“Work-life balance” causes a lot of discussion and debate. Working professionals can spend their lives chasing the perfect balance. However, the idea of work-life balance is a myth – research does not support this as a sustainable concept on which to base your life around. Work is a part of life in a deep and fundamental way, and the part we name “life” is clearly not just made up of leisure activities. These are not separate spheres, and the way that you think about “work life balance” is particularly important to your wellbeing and values.
We are learning a great deal about how we as human beings achieve satisfaction, and importantly, what our basic needs are at a neurological level. Exploring and understanding these basic needs brings a surprising conclusion about work life balance: it shows us what we should actually focus on. At the end of this article, I’d like you to replace the three words “work, life, balance” with three new words that you’ll find are much more useful.
The Three Basic Needs
Psychology and neuroscience have advanced significantly in the last few decades. Nobel laureate Klaus Grawe took a significant step forward by developing these into a combined field called neuropsychotherapy. By integrating our understanding of the brain into psychological concepts, neuropsychotherapy helps us understand what exactly is important to us as humans to function at our best, on a more mechanistic basis.
It’s through this integration that we find the basic human needs, namely:
These are basic needs that are fundamental to our own wellbeing and have evolved in the brain over millions of years. This means that we can’t just ignore or dismiss these needs. If we try to ignore them, we find ourselves feeling like something is missing, a void, or emptiness. This may manifest as frustration, depression, or other disruptive mental states.
Your brain needs to have these needs fulfilled in order to function at its best. Unlike Maslow’s pyramid, these needs are not hierarchical. Instead, they function together, often simultaneously – while other times, one will be more pressing than the other. Together, these needs feed into our larger need for enhancement of our self-esteem.
Let’s explore each need.
We have evolved as social creatures, using the power of connected communities to survive in the harsh pre-historic world. Advanced species (like chimps and apes) form complex communities with hierarchical structures, a leader, and various roles. These complex communities allow for better protection of the group and its individuals, thus increasing the chance of survival. This is how we have evolved as well – resulting in a deeply ingrained desire for connection with other people.
Whether with family, through friends, or at work, the brain desires to be part of social groups and communities. Sharing, supporting, giving, and receiving are all part of our desire for connection. Even the simple act of helping someone else has been proven through studies to improve our own satisfaction and wellbeing.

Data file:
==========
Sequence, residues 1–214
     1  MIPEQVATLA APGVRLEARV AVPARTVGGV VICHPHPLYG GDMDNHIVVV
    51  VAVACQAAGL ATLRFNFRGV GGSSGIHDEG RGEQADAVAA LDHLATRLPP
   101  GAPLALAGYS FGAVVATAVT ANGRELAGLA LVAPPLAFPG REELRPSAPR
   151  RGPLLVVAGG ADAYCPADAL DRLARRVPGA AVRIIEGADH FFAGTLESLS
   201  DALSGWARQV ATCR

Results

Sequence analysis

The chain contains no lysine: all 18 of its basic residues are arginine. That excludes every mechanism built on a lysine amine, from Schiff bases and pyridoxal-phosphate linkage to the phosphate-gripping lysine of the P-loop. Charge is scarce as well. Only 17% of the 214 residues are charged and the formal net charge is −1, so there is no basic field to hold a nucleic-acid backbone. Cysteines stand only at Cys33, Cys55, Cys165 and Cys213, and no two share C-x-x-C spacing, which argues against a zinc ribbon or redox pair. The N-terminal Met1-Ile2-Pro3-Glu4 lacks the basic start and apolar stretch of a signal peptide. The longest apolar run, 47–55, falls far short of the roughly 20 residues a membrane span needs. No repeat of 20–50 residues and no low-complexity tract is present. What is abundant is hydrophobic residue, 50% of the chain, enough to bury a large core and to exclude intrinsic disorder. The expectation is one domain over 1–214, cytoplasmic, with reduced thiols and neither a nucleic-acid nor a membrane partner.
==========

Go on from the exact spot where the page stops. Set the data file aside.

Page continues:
With the modern day, post-industrial understanding of “work”, this need for desire can raise a crucial challenge – what if we aren’t getting a sense of connection at work?
If we feel disconnected from others at work – if the office is simply a place we come to perform a task, then leave – it means that there is a critical need that isn’t met. This is crucial because many of us spend at least half – if not the majority – of our day at work.
However, we can form friendships at work and enjoy the connection of those around us. Finding ways to connect at work through building support networks can meet this need of the brain, and in turn increase your satisfaction at work. Connection increases your resilience, allowing you to not let little things bother you, as well as deal more effectively with stress. The key is to connect with people who are a positive influence, helping you avoid negative spirals, and helping each other on a path of improvement.
The need for control is about having a sense that you are in charge of your own destiny. It includes having goals and a vision towards which you are working – a sense of orientation. This is due to our deep desire for a sense of purpose and meaning, which transcends a desire for happiness since it drives us to keep working towards what is meaningful to us, even when things get tough.
It’s not about controlling every aspect of your life or becoming a ‘control freak’. Instead, it is about having a realistic set of options available to us, where we can choose to pursue our goals. When we find ourselves pushed into a direction we don’t want to go – with no other option – then we feel out of control. This may happen at work where job descriptions change, or the nature of the work changes, and you are expected to simply adapt.
It’s important to be clear with what we actually want and what our own long-term goals are. This helps avoid confusion during this time, since we can put things into perspective with our own vision. Taking a step back and putting changes in our environment into perspective with our goals may illuminate opportunities to advance, giving us back a sense of control.